Here we see that Christ does not just hear about faith in words, but he looks for and sees faith through the actions of the faithful. He saw the effort and struggle to overcome obstacles in order to be in His presence. He saw the faith of the sick man himself since he would not have allowed himself to be carried unless he had had faith to be healed. Many times, the Lord healed the unbelieving sick on account of the faith of those who brought them. Similarly, He often healed the one brought to Him because of that man’s faith, despite the unbelief of those who brought him, like the healing of the servant of the centurion (Matthew 8: 5-13) and the healing of Jairus’s daughter (Mark 5: 22-24) and others.
Jesus took the first initiative and said to the paralysed man: “Son, your sins are forgiven.” First, He forgives the sins of the paralytic, and then He cures the disease, since the most severe illnesses occur, for the most part, as a result of sin, bringing us to the issue of the association between physical sickness and sin. Christ forgives the soul its sin, making it healthy and clean from the source of its sickness and weakness.
We read that the paralytic was carried by four men. The number four is very symbolic. It refers to the four Evangelists who represent the universe in its four diagonals. They carry every paralysed soul by sin and bring it into the presence of the Lord Jesus for the soul to be healed through forgiveness and by the power of the Word.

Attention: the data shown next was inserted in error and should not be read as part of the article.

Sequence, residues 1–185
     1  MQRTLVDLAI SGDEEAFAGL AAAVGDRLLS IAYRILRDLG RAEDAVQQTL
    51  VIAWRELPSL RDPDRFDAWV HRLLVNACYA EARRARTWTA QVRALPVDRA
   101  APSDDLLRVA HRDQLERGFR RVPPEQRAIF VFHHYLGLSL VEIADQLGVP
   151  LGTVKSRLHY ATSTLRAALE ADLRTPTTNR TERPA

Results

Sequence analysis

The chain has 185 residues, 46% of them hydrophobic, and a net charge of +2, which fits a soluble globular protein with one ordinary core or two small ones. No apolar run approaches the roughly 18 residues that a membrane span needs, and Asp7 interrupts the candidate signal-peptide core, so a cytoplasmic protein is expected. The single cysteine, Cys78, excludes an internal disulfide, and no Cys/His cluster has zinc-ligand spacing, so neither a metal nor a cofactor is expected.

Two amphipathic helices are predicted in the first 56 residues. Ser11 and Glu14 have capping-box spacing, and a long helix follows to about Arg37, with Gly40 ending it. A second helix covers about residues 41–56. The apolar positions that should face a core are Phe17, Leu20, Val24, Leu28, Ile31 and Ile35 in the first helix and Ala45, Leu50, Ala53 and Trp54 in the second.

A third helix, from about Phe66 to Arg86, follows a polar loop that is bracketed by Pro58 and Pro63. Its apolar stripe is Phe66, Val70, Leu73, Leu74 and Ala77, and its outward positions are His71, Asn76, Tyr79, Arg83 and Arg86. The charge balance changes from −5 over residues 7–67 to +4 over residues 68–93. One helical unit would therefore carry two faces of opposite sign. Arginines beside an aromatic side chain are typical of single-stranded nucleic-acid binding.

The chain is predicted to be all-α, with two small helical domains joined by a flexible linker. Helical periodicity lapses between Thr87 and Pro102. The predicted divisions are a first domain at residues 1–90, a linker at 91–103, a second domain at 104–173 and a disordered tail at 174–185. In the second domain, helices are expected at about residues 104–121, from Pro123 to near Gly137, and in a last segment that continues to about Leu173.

When the Lord said that He could forgive sins, the Pharisees falsely accused Him of blasphemy, saying: “Why does this man speak thus? It is blasphemy! Who can forgive sins but God alone?” But the Lord gives yet more evidence that He is God, by revealing what was in their hearts. God alone knows what is in the heart of each, for, as the prophets say, “thou alone know the hearts of the sons of men,” (2 Chron. 6:30). And God alone can forgive sins: “I, even I, am He who blots out your transgressions for My own sake; And I will not remember your sins,” (Isaiah 43:25). St. Irenaeus wrote, “How can sins be rightly remitted unless the very One against whom one has sinned grants the pardon?”. (Against Heresies)
Although the Lord had revealed their innermost thoughts, the Pharisees remained senseless, not conceding that He who knew their hearts, could heal their sins as well. By healing the body, the Lord makes credible and certain the healing of the soul as well, confirming the invisible by means of the visible, and the more difficult by what was easier, though it did not appear so to the Pharisees. For the Pharisees thought it was more difficult to heal the body because it was something visible.